I was absolutely ecstatic when I found out that Budak Pantai was having their inaugural appearance at the Singapore Arts Fest.
Funny that I was first ushered into the world of weird and wonderful at the Festival Village (Esplanade Park). After catching glimpses of someone having a picture of pikachu shaved into his hair, spying a pretty $30 terrarium, and gawking at the Bridge Cafe Project, I was finally ready for my a Capella fix.
And the boys didn’t disappoint a wee bit! Their repertoire and humorous introductions left the very full audience in stitches.
Taking irreverent digs at nearly everything, from Pedra Branca, repulsive women, Japanese tourists – their parodies and mash-ups were gold. Come on, who can do a version of Plain White T’s “Hey There Delilah” in English, Chinese, and Hokkien, without sounding too tacky? (Wa jing Su ka le…)
The group are crazy good, and current too. Every time I hear them, recorded or live, I think to myself: more arts groups just need to let loose and have pure, unadulterated fun.
Unfortunately Michael Loh had to remind all of us that the members of Budak Pantai have day jobs because they can’t make a living with singing. Says the lawyer who has appeared on “Who wants to be a millionare”.
I had a great time listening to their originals – the environment-friendly “Plastics are forever” with a 007 twist, “Why do men have nipples” (It’s such a great mystery of life), and the “Baking Song”. Such simple prose, yet so catchy and comical!
Plastics are forever
They take 1000 years to disappear
They release plastic fumes when they burn and exhume
(Sung to “Diamonds are forever”)
O my Pedra Branca
It’s still there at high tide
O my Pedra Branca
Just one football field-wide
No one can take our lighthouse away
(Sung to “Una Paloma Blanca”)
Special mention would go to Gordon Ng of the group. I had fun watching his face contort during the performances, and listening to his beautiful falsetto voice.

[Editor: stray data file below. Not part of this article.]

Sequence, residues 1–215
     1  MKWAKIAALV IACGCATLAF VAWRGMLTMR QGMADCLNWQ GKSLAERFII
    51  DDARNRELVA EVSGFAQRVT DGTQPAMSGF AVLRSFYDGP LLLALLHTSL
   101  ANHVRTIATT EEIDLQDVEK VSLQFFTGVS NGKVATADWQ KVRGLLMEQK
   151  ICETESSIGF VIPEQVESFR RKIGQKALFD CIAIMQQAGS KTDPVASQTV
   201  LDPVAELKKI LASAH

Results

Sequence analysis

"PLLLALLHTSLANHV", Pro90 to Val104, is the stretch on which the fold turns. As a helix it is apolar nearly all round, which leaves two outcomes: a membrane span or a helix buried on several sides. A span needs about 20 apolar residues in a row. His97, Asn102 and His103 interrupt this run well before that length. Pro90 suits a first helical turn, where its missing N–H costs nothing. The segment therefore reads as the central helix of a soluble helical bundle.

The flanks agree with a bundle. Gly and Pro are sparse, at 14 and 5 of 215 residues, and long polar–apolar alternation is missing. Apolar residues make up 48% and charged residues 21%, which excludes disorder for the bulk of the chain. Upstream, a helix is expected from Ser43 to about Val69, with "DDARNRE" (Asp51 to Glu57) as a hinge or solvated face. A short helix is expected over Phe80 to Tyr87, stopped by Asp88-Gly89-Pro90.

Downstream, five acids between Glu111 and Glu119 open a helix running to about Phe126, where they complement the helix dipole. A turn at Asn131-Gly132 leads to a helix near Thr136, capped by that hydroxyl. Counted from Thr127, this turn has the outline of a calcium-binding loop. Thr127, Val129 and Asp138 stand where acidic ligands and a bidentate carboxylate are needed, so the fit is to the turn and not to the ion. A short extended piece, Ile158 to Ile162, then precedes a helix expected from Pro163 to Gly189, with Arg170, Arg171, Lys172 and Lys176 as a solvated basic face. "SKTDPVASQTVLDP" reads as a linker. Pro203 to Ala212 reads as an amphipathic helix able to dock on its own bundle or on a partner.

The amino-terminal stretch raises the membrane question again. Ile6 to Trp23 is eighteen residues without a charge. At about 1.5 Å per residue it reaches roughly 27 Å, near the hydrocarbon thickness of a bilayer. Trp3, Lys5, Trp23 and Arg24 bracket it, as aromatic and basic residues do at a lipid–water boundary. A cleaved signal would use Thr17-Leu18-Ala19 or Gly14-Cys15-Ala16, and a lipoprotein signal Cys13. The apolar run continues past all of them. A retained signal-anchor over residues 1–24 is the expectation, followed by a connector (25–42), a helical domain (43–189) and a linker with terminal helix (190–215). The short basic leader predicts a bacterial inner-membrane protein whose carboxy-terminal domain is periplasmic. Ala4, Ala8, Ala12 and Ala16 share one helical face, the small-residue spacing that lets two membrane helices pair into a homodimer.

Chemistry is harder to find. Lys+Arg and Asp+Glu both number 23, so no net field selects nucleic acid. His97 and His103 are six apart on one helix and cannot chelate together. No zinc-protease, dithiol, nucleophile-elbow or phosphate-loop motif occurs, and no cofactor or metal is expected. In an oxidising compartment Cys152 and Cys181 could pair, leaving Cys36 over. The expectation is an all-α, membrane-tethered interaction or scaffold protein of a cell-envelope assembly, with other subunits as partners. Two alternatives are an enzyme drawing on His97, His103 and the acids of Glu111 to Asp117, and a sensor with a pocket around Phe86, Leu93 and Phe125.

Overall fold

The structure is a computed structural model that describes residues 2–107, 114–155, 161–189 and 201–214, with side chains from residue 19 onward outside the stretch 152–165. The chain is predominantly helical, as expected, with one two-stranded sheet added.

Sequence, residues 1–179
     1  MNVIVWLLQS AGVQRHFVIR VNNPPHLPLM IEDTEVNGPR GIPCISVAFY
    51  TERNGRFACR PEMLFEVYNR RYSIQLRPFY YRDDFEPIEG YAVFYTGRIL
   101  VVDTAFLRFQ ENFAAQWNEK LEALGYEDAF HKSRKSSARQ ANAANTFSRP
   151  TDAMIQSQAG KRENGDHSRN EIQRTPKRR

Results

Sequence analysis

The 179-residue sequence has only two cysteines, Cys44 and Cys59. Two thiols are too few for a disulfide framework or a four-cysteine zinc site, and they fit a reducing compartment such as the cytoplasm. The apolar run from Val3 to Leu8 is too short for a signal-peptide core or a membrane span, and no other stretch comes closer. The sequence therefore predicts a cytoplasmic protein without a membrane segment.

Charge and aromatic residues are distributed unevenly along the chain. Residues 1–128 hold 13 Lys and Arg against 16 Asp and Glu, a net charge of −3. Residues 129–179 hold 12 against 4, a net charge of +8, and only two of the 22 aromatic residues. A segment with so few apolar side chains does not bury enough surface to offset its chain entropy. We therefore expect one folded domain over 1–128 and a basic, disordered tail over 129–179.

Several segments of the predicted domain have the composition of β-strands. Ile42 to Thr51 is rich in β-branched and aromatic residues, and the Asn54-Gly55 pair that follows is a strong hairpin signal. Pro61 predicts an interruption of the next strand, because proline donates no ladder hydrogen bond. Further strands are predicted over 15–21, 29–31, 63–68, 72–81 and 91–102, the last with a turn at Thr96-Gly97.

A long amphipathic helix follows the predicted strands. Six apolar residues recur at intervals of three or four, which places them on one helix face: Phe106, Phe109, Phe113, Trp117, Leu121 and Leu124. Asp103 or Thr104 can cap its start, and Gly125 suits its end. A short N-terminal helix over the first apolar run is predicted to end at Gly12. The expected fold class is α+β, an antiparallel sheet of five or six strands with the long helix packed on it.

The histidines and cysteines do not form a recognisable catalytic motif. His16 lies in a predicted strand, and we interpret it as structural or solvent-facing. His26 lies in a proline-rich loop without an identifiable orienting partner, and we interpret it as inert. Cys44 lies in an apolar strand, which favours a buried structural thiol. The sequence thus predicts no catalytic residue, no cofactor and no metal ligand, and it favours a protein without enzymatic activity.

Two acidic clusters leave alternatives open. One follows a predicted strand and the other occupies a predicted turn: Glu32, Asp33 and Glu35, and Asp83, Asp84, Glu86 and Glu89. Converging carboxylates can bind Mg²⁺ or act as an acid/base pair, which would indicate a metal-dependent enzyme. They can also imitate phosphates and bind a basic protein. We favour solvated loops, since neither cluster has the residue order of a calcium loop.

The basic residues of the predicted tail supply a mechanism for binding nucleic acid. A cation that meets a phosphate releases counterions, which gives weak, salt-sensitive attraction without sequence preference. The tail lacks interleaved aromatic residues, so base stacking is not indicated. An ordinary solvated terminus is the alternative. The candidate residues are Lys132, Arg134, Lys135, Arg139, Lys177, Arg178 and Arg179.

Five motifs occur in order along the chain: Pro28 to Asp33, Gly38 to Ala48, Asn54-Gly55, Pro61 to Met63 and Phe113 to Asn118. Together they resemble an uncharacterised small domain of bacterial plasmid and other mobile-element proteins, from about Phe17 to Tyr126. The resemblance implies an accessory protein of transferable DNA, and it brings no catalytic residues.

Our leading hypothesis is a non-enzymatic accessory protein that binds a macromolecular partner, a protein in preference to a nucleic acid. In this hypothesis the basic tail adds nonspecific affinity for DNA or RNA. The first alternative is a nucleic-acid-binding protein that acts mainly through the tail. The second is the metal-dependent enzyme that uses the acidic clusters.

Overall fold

And of course, the audience adored their classic version of Siti Nurhaliza’s “Bukan Cinta Biasa” with the Canto intro. And that’s when the lot of us heard the vocalised electric guitar twangs and riffs of the talented Gordon. Danny Lai’s acoustic accompaniment truly stood out here as well.
To me, it was a case of too short, and too late. I’d have loved to have an hour-and-a-half long a Capella concert featuring guest artists. But I think the venue wouldn’t have held up, as the audience were sitting on beach mats and stools in the humid open air venue.
After the performance, the crowd dispersed almost immediately, with only a few staying to listen to DJ Cats on Crack. It’s clear that Budak Pantai are well-received too among the youth- their unique and eclectic brand of music just tangentially references popular songs from Lady Gaga and Justin Bieber, and satirizes them to comedic hits.
In Michael Loh’s words, they are just “5 Chinese guys with a Malay name, who sing songs in Hokkien and sometimes in Chinese.“
I beg to differ. They’re an excellent local a Capella group that has garnered a following, and are such a delight to listen to live. Really underrated, though they’ve been singing for 18 years out of pure passion.
Budak Pantai performed at the Singapore Arts Festival Village Main Stage on 2nd June 2012, 10pm.